The Root of Relaxation

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Reflexology is the Answer at One Honolulu Spa

Within the serene Walls of most spas, a typical masseur will delve straight into kneading muscles in “trouble” areas in order to help release tensions and toxins trapped within their client’s tissue.

However, reflexologists attest that the way to ease many of these pains is from the ground up, literally. That is, through one’s feet.

The practice, for those unfamiliar, dates back to ancient medicine men, who mapped the expansively interconnected nature of the human body. Scrolls discovered in China and Japan bore charts of pressure points on the feet. Egypt’s Tomb of Ankhmahor, known as the “Physician’s Tomb,” housed one of the earliest known images associated with reflexology. Dating to 2330 B.C., they show individuals holding and massaging one another’s feet.

Although reflexology is widely practiced around the world, there are few practitioners in Hawai’i. Hence, Tomoko Otsuka (who opened her first reflexology salon, Foot Zone, in Shibuya, Japan, in 1996) decided to introduce the therapy to a wider audience by opening Oasis Spa near Ala Moana Center.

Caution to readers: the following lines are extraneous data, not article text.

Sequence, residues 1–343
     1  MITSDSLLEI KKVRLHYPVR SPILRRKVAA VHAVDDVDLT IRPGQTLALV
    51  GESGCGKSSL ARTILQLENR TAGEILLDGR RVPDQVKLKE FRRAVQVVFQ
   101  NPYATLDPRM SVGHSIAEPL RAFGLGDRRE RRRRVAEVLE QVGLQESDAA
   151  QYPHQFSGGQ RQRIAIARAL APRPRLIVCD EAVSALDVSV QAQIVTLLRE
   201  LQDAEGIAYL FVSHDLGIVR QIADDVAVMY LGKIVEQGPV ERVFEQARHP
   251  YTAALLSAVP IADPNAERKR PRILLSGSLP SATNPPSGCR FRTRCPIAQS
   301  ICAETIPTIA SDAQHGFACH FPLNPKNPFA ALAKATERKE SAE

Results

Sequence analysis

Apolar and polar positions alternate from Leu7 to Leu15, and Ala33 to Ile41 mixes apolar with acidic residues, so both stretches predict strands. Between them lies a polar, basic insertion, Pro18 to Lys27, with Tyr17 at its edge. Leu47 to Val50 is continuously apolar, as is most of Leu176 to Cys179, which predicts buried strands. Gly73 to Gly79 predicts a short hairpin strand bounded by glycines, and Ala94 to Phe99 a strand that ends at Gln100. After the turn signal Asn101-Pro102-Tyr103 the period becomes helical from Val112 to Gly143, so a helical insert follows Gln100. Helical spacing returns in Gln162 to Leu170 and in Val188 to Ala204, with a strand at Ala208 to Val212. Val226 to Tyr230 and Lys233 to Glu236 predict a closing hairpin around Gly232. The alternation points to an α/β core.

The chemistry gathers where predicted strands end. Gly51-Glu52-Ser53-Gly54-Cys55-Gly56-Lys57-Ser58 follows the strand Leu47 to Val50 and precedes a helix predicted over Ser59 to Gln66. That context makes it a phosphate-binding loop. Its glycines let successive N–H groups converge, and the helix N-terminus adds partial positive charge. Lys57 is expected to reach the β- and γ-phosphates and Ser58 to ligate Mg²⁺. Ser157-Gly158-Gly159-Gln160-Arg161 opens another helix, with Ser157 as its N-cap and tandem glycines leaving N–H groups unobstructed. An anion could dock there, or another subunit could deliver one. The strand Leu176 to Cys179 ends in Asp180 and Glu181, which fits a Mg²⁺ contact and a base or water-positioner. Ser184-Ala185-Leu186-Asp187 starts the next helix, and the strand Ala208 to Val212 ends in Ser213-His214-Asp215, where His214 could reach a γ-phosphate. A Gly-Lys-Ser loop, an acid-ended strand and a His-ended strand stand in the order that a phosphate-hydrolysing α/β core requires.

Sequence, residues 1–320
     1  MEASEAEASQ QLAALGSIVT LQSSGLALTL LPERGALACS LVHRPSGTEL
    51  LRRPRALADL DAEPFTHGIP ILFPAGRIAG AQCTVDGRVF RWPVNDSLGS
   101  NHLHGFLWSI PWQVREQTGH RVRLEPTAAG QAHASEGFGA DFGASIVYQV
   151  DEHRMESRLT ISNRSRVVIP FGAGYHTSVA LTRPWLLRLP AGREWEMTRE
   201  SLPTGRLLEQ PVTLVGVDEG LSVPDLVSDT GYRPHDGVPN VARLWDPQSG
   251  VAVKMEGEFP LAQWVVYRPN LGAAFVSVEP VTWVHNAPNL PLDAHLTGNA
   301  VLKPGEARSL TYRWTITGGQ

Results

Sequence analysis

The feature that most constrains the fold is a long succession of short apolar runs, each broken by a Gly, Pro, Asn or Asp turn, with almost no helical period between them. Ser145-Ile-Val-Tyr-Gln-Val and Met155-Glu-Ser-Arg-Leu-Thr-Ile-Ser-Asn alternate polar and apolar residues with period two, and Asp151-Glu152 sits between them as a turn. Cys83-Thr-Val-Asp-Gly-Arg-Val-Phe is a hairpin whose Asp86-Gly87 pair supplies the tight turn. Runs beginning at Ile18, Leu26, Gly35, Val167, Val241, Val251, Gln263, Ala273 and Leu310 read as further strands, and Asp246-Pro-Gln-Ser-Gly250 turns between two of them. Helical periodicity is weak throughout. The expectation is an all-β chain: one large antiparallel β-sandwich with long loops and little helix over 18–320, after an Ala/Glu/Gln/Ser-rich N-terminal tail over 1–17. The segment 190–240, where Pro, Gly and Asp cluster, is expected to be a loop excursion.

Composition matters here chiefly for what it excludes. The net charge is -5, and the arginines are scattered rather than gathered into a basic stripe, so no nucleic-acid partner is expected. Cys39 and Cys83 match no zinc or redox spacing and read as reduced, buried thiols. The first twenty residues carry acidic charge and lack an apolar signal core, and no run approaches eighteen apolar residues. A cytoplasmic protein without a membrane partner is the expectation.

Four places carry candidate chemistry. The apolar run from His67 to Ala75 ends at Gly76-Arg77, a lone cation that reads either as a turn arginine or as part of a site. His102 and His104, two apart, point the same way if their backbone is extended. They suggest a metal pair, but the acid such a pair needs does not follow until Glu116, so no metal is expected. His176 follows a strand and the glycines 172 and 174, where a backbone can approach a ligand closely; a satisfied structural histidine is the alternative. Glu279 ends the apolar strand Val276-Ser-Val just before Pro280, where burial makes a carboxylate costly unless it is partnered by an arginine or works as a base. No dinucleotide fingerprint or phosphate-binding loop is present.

She trains all her therapists in techniques she learned in Taiwan from master reflexologist Lin Mei Getsu.

This is not a therapy for wimps: Practitioners use firm, deep pressure for results that extend throughout the body. According to general manager Yuki Willett, some clients tell them they feel the results right away, including relief from sinus problems, back and shoulder aches.

She said pain in other parts of the body also manifests in pain in the corresponding area of the foot. So someone with a headache may feel extra pain in the big toe, while someone with aching shoulders may feel pain just below the little toe.

Sessions start with a foot soak in warm water scented with aromatic oil. Individuals are offered herbal tea for relaxation, followed by reflexology using organic creams. A 60-minute massage covers 64 reflex zones.

Just as with a full-body massage, clients are advised to drink lots of water over the following 24 hours to help cleanse the body of uric and lactic acid released during the session.

Willett says that her services caught on quickly among those who travel frequently and are accustomed to seeing reflexology practitioners throughout Asia.

“They tell us they’d been looking for a place in Hawai’i to offer this, and that’s how they find us,” she says.

The spa is also popular with more modest spa enthusiast, as well as men, who (according to Willett) often don’t like the hassle of removing their clothes for a full-body massage, or having lotion and oils on their body.

“Here, they just take off their shoes and they can get a massage,” Willett adds.

For those who nevertheless prefer top-to-bottom treatment, they can finish their reflexology session with 10-, 20- or 30-minute shoulder, neck, hand or head massage that will unquestionably leave them feeling every bit addressed.

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